Queens for Small Kingdoms…


My liege, I have a small confession to make: I don’t want to learn how to graft! What would I do with 20 queens all emerging on the same day? Where would I put all the nucs, and where would the worker bees for those queen nucs come from? Maybe someday.

But not today. Or any time soon.

But I do need to make queens. For my very small apiary.

There are excellent reasons to raise up your own queens. First and foremost, you know who their mamma was. If you raise your next-year crop of queens from your very best hives, you will expect, over time, to enjoy a genetic drift toward excellence. Selecting for good honey production is a good yardstick: to make good honey crops, bees must be strong on a number of fronts…successful overwintering, good spring buildup, propensity to be healthy, aggressive foraging.

Honey Bees Swarming, UK
COTSWOLDS, UNITED KINGDOM – JUNE 06: Honey bees swarming in a plum tree in the Cotswolds, UK. (Photo by Tim Graham/Getty Images)

If you raise your own queens, they will get the best possible start in life…because you will give it to them.

Queen quality is very much a function of nutrition. Queens raised in a big, healthy hive with lots of feed and stores available will be top quality. Don’t fret about having fancy genes and fabulously expensive breeder queens: good nutrition trumps that every time for the small apiary.

You can have the very best genetic endowment in your queen larvae, but if they are not fed lavishly, they will suffer in quality.  If you supply extra pollen/protein patties, extra syrup and a booming worker force to your queen-rearing colonies, they will repay you with fat and juicy queens. Queens that are generally much larger than the ones you can buy. And research tells us big queens tend to have more ovarioles, better pheoromone profiles and higher lay rates.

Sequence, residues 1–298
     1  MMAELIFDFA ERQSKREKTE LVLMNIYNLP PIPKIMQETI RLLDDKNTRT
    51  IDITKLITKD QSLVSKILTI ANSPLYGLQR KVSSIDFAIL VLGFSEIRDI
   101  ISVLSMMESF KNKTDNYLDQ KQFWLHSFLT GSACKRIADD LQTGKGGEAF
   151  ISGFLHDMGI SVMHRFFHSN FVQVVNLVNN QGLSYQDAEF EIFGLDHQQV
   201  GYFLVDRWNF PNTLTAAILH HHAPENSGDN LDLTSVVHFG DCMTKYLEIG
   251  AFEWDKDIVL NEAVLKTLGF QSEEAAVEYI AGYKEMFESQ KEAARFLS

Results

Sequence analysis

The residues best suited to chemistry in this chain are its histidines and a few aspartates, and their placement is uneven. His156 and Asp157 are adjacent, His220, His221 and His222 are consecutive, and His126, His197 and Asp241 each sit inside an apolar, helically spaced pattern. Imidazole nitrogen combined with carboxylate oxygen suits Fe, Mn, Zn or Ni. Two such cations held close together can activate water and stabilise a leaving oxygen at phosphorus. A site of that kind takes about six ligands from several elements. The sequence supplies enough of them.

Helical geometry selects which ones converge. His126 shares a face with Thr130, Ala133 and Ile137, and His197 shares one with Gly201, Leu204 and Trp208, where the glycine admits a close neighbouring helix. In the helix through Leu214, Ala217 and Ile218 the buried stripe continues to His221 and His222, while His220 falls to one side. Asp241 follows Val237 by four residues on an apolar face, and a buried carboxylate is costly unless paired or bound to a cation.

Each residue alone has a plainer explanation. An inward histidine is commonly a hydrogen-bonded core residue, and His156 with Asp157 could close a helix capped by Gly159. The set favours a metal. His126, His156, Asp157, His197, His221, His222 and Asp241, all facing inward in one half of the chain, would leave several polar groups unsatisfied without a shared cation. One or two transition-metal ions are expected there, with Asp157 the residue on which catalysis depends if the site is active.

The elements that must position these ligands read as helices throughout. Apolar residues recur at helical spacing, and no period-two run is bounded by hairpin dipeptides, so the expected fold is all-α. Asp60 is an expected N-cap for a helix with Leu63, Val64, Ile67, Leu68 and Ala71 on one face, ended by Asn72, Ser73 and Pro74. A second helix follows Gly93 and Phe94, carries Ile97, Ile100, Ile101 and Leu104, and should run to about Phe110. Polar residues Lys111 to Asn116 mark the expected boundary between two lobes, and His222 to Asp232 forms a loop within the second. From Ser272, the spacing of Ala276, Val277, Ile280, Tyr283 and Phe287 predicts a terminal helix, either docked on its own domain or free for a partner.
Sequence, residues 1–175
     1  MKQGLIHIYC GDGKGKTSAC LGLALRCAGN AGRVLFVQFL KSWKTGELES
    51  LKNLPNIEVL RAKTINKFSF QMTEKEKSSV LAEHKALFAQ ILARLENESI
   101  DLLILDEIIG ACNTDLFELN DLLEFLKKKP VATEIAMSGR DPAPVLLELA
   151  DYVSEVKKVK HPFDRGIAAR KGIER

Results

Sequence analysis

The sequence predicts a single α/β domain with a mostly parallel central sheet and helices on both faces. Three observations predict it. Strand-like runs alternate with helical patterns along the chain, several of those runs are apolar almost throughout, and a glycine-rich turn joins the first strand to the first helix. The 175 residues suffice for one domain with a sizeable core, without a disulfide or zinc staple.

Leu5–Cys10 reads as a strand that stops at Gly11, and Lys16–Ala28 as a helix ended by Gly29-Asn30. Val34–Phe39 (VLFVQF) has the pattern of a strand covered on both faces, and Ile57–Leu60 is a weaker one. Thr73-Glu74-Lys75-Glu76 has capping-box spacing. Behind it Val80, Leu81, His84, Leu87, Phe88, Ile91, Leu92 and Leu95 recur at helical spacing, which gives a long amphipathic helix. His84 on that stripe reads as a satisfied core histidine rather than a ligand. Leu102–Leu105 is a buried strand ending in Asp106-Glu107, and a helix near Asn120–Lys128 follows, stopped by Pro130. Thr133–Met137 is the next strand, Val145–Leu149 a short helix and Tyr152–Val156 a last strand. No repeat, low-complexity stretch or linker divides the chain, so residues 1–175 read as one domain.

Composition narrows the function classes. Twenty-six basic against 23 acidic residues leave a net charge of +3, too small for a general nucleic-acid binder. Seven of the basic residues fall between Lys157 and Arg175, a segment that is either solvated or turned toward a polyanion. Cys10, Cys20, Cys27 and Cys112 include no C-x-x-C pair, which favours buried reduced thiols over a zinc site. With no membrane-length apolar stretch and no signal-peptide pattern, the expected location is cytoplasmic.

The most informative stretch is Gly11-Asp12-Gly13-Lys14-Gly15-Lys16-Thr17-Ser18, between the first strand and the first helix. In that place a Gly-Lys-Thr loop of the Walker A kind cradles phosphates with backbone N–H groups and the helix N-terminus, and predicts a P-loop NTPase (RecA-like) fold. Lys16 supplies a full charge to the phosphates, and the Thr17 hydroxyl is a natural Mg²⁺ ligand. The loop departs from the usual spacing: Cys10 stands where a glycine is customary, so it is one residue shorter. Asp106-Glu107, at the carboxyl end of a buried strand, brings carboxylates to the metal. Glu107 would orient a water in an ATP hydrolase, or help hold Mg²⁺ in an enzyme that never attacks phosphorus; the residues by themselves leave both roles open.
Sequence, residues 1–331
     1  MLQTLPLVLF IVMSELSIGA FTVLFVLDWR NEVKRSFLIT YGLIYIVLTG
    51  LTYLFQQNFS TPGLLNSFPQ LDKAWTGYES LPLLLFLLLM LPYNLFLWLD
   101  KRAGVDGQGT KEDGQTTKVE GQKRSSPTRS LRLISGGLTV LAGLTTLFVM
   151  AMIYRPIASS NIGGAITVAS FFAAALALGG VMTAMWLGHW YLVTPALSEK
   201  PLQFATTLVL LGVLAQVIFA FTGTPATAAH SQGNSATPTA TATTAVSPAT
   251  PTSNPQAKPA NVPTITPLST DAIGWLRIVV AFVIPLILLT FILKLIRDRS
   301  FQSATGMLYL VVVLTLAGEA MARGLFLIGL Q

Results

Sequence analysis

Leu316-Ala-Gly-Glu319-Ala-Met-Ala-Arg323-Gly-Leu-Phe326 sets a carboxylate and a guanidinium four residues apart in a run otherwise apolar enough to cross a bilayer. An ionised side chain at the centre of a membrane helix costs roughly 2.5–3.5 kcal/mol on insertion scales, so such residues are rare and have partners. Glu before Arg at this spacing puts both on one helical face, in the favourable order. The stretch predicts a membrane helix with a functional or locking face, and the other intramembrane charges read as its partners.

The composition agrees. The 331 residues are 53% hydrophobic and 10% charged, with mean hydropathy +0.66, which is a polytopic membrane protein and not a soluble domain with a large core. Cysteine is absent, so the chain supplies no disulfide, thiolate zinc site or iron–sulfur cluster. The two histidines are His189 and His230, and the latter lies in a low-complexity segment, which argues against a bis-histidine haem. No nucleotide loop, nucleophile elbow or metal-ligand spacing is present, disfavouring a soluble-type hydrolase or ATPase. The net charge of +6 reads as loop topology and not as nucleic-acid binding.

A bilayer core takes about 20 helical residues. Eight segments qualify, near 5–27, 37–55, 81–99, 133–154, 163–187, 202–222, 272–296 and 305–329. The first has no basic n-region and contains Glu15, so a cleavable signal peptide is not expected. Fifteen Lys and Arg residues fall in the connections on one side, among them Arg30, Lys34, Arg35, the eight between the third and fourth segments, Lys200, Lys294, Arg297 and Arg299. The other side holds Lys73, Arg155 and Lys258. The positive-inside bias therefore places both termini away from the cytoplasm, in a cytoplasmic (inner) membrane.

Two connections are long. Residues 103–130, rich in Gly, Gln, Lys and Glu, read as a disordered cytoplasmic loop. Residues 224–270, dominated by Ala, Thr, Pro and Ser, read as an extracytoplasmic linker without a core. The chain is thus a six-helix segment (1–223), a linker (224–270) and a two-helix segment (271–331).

If you raise your own queens, you can always have a queen or two..or three…or five…cooking away in nucleus boxes, ready to cover off any unexpected queen loss. These small colonies can be harvested repeatedly for brood, or pushed to raise new queens when they are strong.They are like a little insurance policy/revenue stream in your apiary, spitting out a return of bees and comb à la Billy Davis and his queen castles.


Why bother? It is nice to requeen with the best queens you can find every year or two. Young queens (who tend to perform best after their first winter) lay more and longer into the fall, helping to build that robust winter cluster. And they lay earlier and more in the spring, driving that push to meet the nectar flow with a maximum forager force.

How to do that? As a newbee I was taught, as many of us are, to take out a couple of frames of young brood and eggs into a nuc, give them a shake of bees and let them raise a new queen. This works, but there is a better method.

Better Method: (thanks to my Washington state Journeyman Beekeeper level instructor Jo Miller for this one, which she learned from the legendary Roy Thurber) Identify a nice strong hive whose queen you would like to have a daughter from. Take that nice queen out into a nuc with a couple of frames of bees and stores. Feed both the now-queenless hive and the nuc with syrup and protein/pollen patty. And let the main colony raise up the new queen.

The big, suddenly queenless, colony has many more resources and workers to feed a new crop of queens. They will also raise more than the nuc will, giving the workers a wider choice of queen to back on the day they emerge. The workers, as the queen larvae develop and pupate, will sense which will make the best queen. They are seldom wrong. They will protect that queen cell until the new queen emerges, and will often assist her in killing her rival sisters.